Materials and Methods

In order to examine the relationship between dietary nutrients and male infertility, articles with case-control, descriptive, cohort and interventional (clinical trials) design published between January 1982 and May 2015, were accessed through PubMed and Scopus databases using keywords such as “food groups”, “spermatogenesis”, “macronutrient”, “sperm quality” and “male infertility”. The bibliographies of target studies were searched for additional references. The authors independently screened the titles, abstracts and key words of each searched article for potentially eligible studies. The inclusion criteria were animal, intervention, observational studies and appropriate comparison group. The exclusion criteria were poorly defined comparison group and inaccessibility to the full-text. A total of 65 studies were found and screened, and based on our defined criteria, 35 eligible publications were used for data abstraction.

Dietary Fat and Semen Quality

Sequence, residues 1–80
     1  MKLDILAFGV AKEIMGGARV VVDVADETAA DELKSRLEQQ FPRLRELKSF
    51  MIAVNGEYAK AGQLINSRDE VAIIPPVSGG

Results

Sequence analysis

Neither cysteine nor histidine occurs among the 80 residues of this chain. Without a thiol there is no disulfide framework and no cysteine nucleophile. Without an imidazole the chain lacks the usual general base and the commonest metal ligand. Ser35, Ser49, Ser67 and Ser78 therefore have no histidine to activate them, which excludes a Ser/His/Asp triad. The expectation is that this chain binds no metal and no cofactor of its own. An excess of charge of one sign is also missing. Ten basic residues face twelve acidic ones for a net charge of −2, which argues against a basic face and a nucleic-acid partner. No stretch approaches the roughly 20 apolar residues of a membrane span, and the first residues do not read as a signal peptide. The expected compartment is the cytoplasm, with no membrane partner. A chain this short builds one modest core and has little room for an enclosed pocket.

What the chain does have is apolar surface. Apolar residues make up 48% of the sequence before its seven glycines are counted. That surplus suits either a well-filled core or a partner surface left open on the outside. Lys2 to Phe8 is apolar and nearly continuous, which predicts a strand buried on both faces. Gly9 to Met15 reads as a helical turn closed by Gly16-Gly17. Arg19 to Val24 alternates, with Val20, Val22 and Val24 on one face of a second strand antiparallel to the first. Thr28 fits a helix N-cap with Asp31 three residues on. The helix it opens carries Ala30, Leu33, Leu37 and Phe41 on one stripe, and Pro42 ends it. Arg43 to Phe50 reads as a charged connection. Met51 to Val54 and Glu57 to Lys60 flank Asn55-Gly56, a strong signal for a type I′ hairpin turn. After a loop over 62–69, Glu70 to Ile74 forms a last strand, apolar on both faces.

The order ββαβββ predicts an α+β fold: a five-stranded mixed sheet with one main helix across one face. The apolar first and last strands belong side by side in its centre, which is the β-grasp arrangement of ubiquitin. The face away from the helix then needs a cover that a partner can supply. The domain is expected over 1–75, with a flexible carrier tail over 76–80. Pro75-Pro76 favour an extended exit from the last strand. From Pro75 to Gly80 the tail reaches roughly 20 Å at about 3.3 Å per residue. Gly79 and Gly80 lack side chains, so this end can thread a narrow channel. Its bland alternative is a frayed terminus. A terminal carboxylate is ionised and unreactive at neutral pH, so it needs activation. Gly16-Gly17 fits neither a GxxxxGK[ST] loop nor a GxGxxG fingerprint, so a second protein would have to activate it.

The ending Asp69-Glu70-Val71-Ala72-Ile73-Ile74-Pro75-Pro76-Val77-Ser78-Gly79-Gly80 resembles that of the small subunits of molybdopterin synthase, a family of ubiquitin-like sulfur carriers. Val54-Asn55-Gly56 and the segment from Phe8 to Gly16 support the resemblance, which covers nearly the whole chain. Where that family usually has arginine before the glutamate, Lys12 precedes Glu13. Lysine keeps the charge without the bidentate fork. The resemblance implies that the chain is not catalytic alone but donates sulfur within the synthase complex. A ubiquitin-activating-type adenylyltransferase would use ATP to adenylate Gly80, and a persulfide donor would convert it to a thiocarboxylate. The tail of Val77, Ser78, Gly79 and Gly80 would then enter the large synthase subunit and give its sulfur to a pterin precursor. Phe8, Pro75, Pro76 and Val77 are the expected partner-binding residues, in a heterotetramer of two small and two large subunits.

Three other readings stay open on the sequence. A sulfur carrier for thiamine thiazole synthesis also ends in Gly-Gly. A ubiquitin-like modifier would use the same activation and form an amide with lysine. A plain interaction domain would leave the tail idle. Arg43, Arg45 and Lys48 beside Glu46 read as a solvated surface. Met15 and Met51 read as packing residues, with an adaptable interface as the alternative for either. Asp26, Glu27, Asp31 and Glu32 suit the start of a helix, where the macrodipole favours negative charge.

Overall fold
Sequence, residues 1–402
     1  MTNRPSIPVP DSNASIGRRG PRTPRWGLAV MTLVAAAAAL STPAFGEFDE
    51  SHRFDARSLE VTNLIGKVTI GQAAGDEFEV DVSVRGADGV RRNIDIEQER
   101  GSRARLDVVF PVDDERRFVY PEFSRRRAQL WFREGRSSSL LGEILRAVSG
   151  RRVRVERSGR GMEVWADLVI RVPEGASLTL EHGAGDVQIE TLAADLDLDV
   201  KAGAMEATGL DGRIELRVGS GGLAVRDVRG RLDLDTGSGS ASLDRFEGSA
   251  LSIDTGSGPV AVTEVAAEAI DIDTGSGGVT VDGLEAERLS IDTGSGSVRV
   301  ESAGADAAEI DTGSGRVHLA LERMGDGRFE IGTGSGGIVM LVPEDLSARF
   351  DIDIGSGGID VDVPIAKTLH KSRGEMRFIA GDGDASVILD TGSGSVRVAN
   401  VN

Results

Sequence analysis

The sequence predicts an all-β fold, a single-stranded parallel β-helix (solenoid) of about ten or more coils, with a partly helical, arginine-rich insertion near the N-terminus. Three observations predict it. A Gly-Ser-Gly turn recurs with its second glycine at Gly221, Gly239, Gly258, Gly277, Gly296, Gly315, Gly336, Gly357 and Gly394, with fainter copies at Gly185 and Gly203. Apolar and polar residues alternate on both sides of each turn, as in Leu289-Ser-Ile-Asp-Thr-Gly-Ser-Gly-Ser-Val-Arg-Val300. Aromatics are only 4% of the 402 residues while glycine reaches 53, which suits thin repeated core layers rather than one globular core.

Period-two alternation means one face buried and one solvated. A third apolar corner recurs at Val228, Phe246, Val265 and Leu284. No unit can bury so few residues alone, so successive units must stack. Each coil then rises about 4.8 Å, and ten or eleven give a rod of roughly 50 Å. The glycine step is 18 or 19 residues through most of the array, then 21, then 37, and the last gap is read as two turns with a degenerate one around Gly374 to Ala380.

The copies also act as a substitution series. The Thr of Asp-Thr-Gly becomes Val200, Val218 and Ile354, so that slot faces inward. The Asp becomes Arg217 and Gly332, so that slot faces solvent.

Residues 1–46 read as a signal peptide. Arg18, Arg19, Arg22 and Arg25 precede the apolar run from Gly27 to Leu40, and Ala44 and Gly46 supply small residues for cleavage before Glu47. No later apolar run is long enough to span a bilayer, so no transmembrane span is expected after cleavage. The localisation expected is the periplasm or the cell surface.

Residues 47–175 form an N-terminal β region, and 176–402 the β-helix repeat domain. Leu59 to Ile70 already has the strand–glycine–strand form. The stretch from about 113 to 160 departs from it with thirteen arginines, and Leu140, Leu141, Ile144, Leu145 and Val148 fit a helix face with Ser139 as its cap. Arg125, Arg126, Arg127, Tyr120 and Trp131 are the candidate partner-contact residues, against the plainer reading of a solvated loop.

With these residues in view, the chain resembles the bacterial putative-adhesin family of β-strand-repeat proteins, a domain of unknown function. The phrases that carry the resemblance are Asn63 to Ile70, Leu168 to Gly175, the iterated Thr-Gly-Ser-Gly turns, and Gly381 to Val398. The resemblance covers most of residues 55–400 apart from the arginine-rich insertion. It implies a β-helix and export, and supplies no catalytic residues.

More than 33% of daily caloric intake of human diet in most parts of the world comprises of fats and oils together [13]. Emerging evidence suggests that dietary fatty acids (FAs) may have considerable effects on male fertility [14, 15]. Three types of natural FAs include saturated, monounsaturated and polyunsaturated. Polyunsaturated fatty acids (PUFAs) cannot be synthesized by human body and are absolutely needed for numerous processes including growth, reproduction, vision and brain development; hence, they are regarded as essential fatty acids [16]. The mechanism through which spermatogenesis is linked with omega-3 and omega-6 PUFAs level is defined by the presence of these fatty acids in the spermatozoa cell membrane [16]. The positive outcome of spermatozoa fertilization is associated with the lipids of the spermatozoa membrane [17]. A study by Conquer et al. reported that Docosahexanoic acid (DHA) and oleic acid levels of spermatozoa from patients suffering from asthenozoospermia were lower and higher, respectively as compared to control group [18]. Another case-control study on idiopathic infertile men and healthy control group revealed that blood and spermatozoa levels of omega-3 PUFAs were significantly higher in fertile men in comparison with their infertile counterparts. Moreover, serum omega-6 to omega-3 PUFAs proportion was considerably lower in fertile individuals [8]. Attamen et al. investigated the association between dietary fats and semen quality in 99 men [19]. The study reported that 5% increase in total fat energy intake led to an 18% lower number of sperms. Similarly, substitution of 5% carbohydrate energy with 5% saturated fatty acids energy intake resulted in a 38% lower total sperm count while no relationship was observed regarding the similar 5% increase consumption of MUFA or PUFA at the expense of carbohydrate. A randomized trial of 238 infertile men suffering from idiopathic OAT with a daily intake of 1.48gr eicosapentanoic acid (EPA) and DHA or placebo were studied in a period of 32 weeks [8]. The omega-3 group experienced a significant improvement in total sperm count as well as sperm cell density. On the same line with these findings, in another clinical trial which was conducted on 22 patients with asthenozoospermic infertility, 465 mg of DHA and 600 IU of vitamin E were supplemented for 12 weeks; while, the control group took a placebo twice daily [20]. The authors reported that total sperm count, sperm concentration, percentage of motile sperms and percentage of motile sperms with straight direction enhanced in the intervention group in comparison with their control counterparts. Nevertheless, no statistically significant change was observed regarding sperm morphology and vitality in the intervention group. In contrast, in a randomized trial conducted on 28 Canadian asthenozoospermia, participants were divided into three groups including placebo, 400 or 800 mg of DHA for a period of 3 months. No significant improvement was observed with regards to the sperm motility or concentration [21]. Differences in the patient population, omega-3 fatty acid dose and duration of use, background fatty acid intake and involvement of unspecified amounts of omega-6 fatty acid such as corn oil in placebo may be the causes of differences across the aforementioned studies [19].